Technology and Hearing during Public Events
Many public venues have special devices that can be checked out from the front office that work alone (with headphones or ear buds), or in conjunction with hearing aids (via a special neck loop), to bring the sound directly into your ears. Look for a sign with an ear on it, or ask the ticket person if the venue has any kind of system for people who are hearing impaired. You may need to work with your hearing care provider to create a special program, or to get the necessary accessories to use such a system with your hearing aids.
Your hearing care provider can create a special program in your hearing aids that is tailored specifically for public events. If you regularly attend religious services, musicals or plays, talk to your provider about these situations so they can program your hearing aids accordingly.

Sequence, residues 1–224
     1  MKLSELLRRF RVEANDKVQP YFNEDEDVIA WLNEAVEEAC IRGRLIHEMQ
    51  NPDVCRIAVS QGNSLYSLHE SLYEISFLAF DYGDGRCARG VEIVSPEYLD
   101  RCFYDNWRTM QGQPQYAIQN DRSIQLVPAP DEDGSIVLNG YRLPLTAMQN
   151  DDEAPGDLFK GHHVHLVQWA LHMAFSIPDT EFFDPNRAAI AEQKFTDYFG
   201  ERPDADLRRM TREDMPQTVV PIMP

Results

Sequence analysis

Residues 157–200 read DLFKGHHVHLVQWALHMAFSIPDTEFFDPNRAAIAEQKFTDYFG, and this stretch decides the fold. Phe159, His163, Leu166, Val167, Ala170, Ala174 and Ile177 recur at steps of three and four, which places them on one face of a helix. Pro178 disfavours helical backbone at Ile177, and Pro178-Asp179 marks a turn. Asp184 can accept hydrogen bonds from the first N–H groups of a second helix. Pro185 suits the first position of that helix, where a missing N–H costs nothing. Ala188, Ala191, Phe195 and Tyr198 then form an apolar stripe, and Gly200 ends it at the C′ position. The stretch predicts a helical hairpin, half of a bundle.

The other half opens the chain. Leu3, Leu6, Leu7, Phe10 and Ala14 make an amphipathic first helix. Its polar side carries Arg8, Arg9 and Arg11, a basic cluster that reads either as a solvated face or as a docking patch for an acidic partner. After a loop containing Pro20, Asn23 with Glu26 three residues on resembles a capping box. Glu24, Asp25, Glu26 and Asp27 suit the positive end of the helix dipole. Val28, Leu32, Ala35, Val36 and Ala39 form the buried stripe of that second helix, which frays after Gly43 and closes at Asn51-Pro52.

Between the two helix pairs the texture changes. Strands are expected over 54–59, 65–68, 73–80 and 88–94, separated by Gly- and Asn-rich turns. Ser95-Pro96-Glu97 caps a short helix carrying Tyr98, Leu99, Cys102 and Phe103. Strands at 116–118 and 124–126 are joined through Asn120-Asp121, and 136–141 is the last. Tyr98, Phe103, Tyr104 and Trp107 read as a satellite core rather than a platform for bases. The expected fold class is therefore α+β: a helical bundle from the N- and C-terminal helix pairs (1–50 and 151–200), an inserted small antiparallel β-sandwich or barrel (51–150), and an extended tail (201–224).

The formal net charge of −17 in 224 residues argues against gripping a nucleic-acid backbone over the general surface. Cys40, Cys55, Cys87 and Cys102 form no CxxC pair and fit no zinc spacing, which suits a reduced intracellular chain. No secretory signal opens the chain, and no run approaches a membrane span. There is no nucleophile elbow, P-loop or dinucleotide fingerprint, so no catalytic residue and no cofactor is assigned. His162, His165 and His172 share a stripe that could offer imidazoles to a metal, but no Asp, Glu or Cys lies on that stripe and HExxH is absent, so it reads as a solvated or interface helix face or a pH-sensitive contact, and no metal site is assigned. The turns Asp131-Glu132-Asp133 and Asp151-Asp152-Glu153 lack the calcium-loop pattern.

More and more public venues are being “looped” to accommodate the needs of those with hearing loss. This means that a long wire is installed around the floor or ceiling of a large room. That large wire is an induction loop that is connected to the PA system in the room. People with hearing aids can put their aids into the “telecoil” or “t-coil” setting, and they will hear the message directly in their hearing aids. This eliminates the distance and reverberation that often cause the signal to be distorted in a large room.
Public venues that have technology for people with hearing loss will display a sign that looks like the one to the left. When the sign has a little “T” at the bottom corner, you know that there is a hearing loop installed.
Hearing Loops are so important, we’re going to create an entire post on them in the next couple of weeks, so be sure to check back! For now, we hope these communication strategies are helpful with hearing during public events. Give us a call if you have any questions, or to make an appointment, we’re here for you!